Ex-BP boss Hayward criticised for saying solar can’t hack industrialisation

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A conference on climate change and business has been punctuated by a sharp exchange of views between Tony Hayward, non-executive chairman of mining giant Glencore Xstrata, and solar industry executives, according to reports.

The Business & Climate Summit, taking place in Paris ahead of the COP21 talks, which take place in the French capital in December, purports to bring together representatives of more than 6.5 million businesses from 130 countries, through 25 business networks. UN Secretary General Ban Ki-Moon has described it as “an important milestone” that reflects the continuing commitment of the private sector to engage in action against climate change.

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Various media outlets chose to focus on Tony Hayward’s comments at the events, perhaps as much for his recent background and public visibility as much as for his views. Hayward was chief executive of BP in 2010 during the Gulf of Mexico oil slick and was widely criticised for his handling of the crisis, after which he received a large payout to leave the company. The headline of a piece on Hayward in the UK’s Guardian newspaper in May 2014, as he was made chairman of Glencore Xstrata, described the executive as an “oil spill pariah”. Hayward is also executive director and CEO of Genel Energy, an “Anglo-Turkish exploration and production company with world-class oil and gas assets”.

Hayward said this week at the Paris event that in his view, solar energy is “not the answer” to “broad-scale industrialisation”, claiming that the technology cannot power large industrial facilities due to its intermittency, the Financial Times (FT) newspaper reported.

The FT wrote that Hayward had claimed it to be “not possible” to phase out coal, especially in developing countries, and said that while the world’s developed nations had undergone intensive industrialisation over the past 50 years, this process is still ongoing for countries like India.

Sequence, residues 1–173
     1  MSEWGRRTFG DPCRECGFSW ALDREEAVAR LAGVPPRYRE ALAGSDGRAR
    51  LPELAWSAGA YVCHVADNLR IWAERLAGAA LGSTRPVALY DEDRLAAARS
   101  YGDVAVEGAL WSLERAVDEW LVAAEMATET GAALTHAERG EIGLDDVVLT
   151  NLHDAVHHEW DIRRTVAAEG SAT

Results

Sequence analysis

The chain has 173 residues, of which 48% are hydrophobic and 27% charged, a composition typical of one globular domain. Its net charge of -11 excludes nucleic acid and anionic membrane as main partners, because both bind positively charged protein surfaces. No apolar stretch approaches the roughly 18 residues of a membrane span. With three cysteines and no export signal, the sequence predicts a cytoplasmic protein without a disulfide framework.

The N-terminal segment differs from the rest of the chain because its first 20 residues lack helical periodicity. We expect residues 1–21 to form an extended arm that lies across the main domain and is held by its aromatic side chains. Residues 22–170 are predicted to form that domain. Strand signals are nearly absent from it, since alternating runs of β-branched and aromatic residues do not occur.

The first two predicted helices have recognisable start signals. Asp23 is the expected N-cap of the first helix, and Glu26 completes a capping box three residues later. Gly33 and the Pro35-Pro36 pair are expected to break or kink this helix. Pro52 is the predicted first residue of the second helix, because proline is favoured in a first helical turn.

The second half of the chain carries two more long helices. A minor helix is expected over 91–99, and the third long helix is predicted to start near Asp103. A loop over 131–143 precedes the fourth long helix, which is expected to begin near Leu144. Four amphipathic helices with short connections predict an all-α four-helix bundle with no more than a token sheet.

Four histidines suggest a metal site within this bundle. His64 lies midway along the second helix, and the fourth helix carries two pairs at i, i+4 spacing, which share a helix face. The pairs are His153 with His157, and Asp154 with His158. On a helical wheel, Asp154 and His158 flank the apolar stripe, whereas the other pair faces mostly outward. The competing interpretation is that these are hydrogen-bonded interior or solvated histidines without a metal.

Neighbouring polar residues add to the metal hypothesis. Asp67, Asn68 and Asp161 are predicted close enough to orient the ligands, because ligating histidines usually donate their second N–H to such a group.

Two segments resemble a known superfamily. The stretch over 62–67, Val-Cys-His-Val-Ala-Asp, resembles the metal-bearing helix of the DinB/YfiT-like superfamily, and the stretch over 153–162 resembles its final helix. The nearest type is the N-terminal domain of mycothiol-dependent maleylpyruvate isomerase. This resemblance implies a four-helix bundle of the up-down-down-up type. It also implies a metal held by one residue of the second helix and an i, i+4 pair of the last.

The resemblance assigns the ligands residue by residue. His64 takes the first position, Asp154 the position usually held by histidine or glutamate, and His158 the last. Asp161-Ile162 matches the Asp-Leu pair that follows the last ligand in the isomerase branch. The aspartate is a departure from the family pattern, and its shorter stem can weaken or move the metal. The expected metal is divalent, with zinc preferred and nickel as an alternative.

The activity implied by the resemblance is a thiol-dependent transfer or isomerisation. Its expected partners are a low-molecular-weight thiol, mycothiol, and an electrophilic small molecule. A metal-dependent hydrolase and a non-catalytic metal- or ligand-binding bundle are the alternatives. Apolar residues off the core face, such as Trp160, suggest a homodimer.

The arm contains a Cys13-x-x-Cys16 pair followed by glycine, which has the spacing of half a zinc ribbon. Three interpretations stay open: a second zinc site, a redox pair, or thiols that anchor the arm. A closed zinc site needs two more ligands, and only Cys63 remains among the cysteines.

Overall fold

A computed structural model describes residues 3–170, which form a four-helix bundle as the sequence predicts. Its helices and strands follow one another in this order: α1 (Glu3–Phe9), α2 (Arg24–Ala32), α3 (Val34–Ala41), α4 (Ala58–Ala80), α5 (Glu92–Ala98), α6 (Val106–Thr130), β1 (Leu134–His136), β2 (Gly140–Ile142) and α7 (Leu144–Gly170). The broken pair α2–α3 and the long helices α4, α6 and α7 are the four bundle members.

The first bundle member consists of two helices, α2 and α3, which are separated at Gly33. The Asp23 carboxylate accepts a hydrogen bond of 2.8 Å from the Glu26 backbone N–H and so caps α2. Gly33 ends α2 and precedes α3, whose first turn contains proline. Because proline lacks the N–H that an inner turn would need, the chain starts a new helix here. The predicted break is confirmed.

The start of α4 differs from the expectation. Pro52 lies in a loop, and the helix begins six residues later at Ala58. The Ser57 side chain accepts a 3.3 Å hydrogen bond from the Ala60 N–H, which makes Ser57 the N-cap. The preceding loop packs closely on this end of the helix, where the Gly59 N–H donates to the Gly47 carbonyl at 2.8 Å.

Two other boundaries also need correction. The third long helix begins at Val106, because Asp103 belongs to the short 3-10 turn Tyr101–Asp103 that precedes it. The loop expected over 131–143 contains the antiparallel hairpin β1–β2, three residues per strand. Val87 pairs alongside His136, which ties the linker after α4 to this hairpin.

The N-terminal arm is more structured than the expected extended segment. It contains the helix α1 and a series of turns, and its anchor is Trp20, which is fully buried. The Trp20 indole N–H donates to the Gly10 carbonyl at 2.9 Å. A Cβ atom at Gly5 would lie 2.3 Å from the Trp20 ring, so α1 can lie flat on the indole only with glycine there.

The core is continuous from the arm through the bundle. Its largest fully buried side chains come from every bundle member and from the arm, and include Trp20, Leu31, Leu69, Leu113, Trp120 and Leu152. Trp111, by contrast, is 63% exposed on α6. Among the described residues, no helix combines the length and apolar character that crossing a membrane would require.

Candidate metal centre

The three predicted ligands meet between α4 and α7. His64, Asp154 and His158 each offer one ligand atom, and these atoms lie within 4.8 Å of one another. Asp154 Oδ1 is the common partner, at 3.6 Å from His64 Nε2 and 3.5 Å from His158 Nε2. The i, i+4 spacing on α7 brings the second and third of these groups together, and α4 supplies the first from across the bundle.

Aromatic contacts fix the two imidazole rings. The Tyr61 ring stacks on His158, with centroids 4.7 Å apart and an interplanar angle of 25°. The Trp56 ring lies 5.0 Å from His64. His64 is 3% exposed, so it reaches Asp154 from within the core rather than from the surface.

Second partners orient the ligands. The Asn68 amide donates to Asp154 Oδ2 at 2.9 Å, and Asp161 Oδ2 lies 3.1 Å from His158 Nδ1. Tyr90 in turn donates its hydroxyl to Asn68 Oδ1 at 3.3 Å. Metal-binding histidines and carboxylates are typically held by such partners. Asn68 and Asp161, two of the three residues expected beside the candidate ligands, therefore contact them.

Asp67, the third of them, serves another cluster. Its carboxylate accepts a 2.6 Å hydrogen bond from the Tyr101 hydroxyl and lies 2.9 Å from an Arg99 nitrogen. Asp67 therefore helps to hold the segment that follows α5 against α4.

Some media outlets including Reuters reported that Hayward said this would mean that rich countries should “support” developing ones to build up cleaner power generation facilities, even if this meant paying for higher cost new-build coal power plants, which produce relatively less emissions. Hayward dismissed the argument that natural gas generation is a better alternative, saying that gas prices in India are far higher than those for coal.

However, Hayward was apparently strongly rebuked by the chief executive of SkyPower Solar, a Canada-headquartered company which in March made an agreement with the government of Egypt to build 3,000MW of PV projects over the next four years.

SkyPower’s Kerry Adler said that his company could easily build large amounts of generation capacity in the developing world.

“Solar is the new world. You’ve got to get used to it,” Adler reportedly told Hayward.

The chief of Spanish renewables company Acciona, José Manuel Entrecanales Domecq, agreed with Adler, and said solar could supply baseload as well as variable power.

Some newspapers also played up reports that Hayward had called for an end to worldwide subsidies for fossil fuels at the event. However, this appears to have been made more as a pre-emptive argument against carbon pricing mechanisms, which many at the event have advocated strongly in favour of. Hayward actually said that ending subsidies and perhaps instead levying charges on petrol use for transportation, for example, would be required before carbon pricing mechanisms could be introduced.

PV Tech contacted the organisers of the Business & Climate summit this morning to reach Tony Hayward and Kerry Adler for comment but did not receive replies at the time of publication.

Meanwhile at the event French president Francoise Hollande, making an address to open the conference, told businesses they must “make commitments and offer solutions”, saying that decisive action would have “extremely positive consequences on economic actors, on future technologies, on employment and on growth”.

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